Four 250–300 mL mid stream urine samples from four healthy men aged 28–34 years were collected and directly transferred to the laboratory for isolation and culture, as reported previously,2–5,7,8 with a slight modification. Briefly, urine specimens were centrifuged at 400× g for 10 minutes at room temperature. The cell pellet was resuspended in 20 mL of phosphate-buffered saline containing 500 U/mL penicillin and 0.5 mg/mL streptomycin and gently rinsed for 5 minutes. The cell suspension was then centrifuged again at 400× g for 10 minutes and the cells were plated in 12-well plates. The USC growth medium used was composed of embryo fibroblast medium and keratinocyte serum-free medium (Invitrogen, Carlsbad, CA, USA) at a ratio of 1:1. It took 4–6 days for individual clones to emerge and 7–10 days for a single USC clone to reach confluence in the initial culture. The cells were consecutively passaged every 3–4 days. USCs (passage 3–6) were used for all experiments because they have a higher differentiation capacity. USCs at passage 3 were characterized using flow cytometry analysis as described elsewhere.3–5 Briefly, cells were trypsinized, washed in ice-cold phosphate-buffered saline containing 0.5% bovine serum albumin (wash buffer), and counted. Fluorochrome-conjugated antibodies, anti-CD34-fluorescein isothiocyanate (FITC), CD45-FITC, CD90-FITC, CD29-phycoerythrin, and CD73- phycoerythrin (BD Pharmingen, Franklin Lakes, NJ, USA), were added to 5 × 105 cells in 50 μL of phosphate-buffered saline containing 3% bovine serum albumin and incubated on ice for 30 minutes in the dark. The cells were washed again, resuspended in 50 μL of wash buffer, and passed through a 70 μm filter for flow analysis using a FACSCalibur machine (BD Biosciences, Franklin Lakes, NJ, USA).
The cells were then identified by adipogenic, osteogenic, and chondrogenic differentiation. For adipogenic differentiation, USCs were seeded at a density of 4,000 cells/cm2 and cultured in growth medium to 100% confluence, then induced with Stempro® adipogenesis differentiation medium (Gibco BRL, Grand Island, NY, USA) for 2 weeks. Cells were stained with fresh Oil Red O solution (Sigma-Aldrich).
For osteogenic differentiation, USCs were seeded at a density of 3,000 cells/cm2 and cultured in growth medium to 70% confluence, then induced with StemPro osteogenesis differentiation medium (Gibco BRL) for 3 weeks. To assess mineralization, cultures were stained with Alizarin red S (Sigma-Aldrich).
Chondrogenic differentiation was assessed by incubating the cells in a high-density cell pellet with StemPro chondrogenesis differentiation medium, as described by Mackay et al.20 Briefly, 3 × 105 cells were centrifuged at 600× g for 5 minutes in a sterile 15 mL conical polypropylene tube and incubated overnight to form an aggregate. The culture medium was replaced with 0.5 mL of chondrogenic differentiation medium for a total of 28 days. Anionic sulfated proteoglycans were detected by Safranin O staining and toluidine blue metachromasia (Sigma-Aldrich).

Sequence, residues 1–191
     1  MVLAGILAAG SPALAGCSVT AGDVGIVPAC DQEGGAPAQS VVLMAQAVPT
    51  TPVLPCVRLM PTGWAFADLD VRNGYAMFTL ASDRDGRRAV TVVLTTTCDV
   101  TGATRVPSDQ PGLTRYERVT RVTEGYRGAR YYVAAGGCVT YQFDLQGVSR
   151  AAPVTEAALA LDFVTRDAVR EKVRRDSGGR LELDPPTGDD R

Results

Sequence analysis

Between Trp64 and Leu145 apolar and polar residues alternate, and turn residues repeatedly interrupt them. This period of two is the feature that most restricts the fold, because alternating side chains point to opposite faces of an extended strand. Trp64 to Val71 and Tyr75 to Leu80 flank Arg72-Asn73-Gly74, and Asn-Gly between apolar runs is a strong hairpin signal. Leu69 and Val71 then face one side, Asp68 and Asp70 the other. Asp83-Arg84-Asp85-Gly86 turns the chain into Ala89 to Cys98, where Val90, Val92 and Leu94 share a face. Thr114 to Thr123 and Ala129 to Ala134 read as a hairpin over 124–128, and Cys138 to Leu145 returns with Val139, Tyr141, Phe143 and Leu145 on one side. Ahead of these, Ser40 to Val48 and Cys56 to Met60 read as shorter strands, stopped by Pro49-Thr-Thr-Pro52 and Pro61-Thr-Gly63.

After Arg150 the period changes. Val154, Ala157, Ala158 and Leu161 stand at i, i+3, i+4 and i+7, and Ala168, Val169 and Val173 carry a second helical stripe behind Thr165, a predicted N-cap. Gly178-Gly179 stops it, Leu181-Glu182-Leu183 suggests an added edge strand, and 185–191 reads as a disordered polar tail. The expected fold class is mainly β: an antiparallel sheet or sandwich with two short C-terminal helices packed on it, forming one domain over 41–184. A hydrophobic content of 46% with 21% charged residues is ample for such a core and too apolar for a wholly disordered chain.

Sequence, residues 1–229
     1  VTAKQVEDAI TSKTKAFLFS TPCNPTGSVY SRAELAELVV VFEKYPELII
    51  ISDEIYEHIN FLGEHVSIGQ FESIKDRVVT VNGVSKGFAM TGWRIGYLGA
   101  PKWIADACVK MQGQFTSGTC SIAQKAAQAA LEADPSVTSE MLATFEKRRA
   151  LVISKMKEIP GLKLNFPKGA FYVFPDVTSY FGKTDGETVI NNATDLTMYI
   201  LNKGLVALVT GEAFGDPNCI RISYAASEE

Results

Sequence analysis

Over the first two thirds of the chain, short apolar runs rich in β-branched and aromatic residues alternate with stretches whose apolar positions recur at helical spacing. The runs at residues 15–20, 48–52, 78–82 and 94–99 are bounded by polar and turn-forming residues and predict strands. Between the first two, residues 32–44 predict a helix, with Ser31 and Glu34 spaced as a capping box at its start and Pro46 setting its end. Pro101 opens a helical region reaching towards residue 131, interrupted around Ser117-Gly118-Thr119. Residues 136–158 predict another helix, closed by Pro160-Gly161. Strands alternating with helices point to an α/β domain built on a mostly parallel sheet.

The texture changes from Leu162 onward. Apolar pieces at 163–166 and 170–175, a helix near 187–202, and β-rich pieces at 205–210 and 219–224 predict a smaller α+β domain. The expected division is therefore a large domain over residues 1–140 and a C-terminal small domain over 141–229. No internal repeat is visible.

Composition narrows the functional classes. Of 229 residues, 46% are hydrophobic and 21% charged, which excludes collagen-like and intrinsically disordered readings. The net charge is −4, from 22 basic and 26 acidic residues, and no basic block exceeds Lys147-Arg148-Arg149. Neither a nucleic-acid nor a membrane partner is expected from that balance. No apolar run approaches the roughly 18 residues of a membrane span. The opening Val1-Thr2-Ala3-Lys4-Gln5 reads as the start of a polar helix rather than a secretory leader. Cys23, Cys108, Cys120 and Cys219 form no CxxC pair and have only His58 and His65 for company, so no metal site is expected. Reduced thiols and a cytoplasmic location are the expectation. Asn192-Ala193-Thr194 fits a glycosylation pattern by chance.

A Cell Counting Kit-8 (CCK-8; Dojindo Kagaku Co, Kumamoto, Japan) was used to investigate the cytotoxicity of silver ions and AgNPs on USCs, according to the manufacturer’s protocols. The assay reagent is a tetrazolium compound (WST-x8) that is reduced by dehydrogenases in live cells into an orange-colored formazan product measured at 450 nm. The quantity of formazan product measured at 450 nm is directly proportional to the number of live cells in the culture. Briefly, cells were seeded at a density of 5 × 103 cells per well in a 96-well plate and cultured overnight. Subsequently, fresh medium containing AgNO3 or 20 nm AgNPs at different concentrations (0, 0.1, 0.5, 1, 2, 4, 8, 16, 32, 64 μg/mL) was added to replace the culture medium for 24 hours. After incubation, the culture medium containing silver was removed; 100 μL of fresh medium and 10 μL of CCK-8 solution were added to each well. After incubation for 4 hours, absorbance was measured using a microplate reader (ELX 800; BioTek Instruments, Inc., Winooski, VT, USA) at 450 nm. The well with medium and CCK-8 solution but without cells was used as a blank control. The maximum safety concentration determined by CCK-8 was used in the following experiments.
Effects on osteogenic differentiation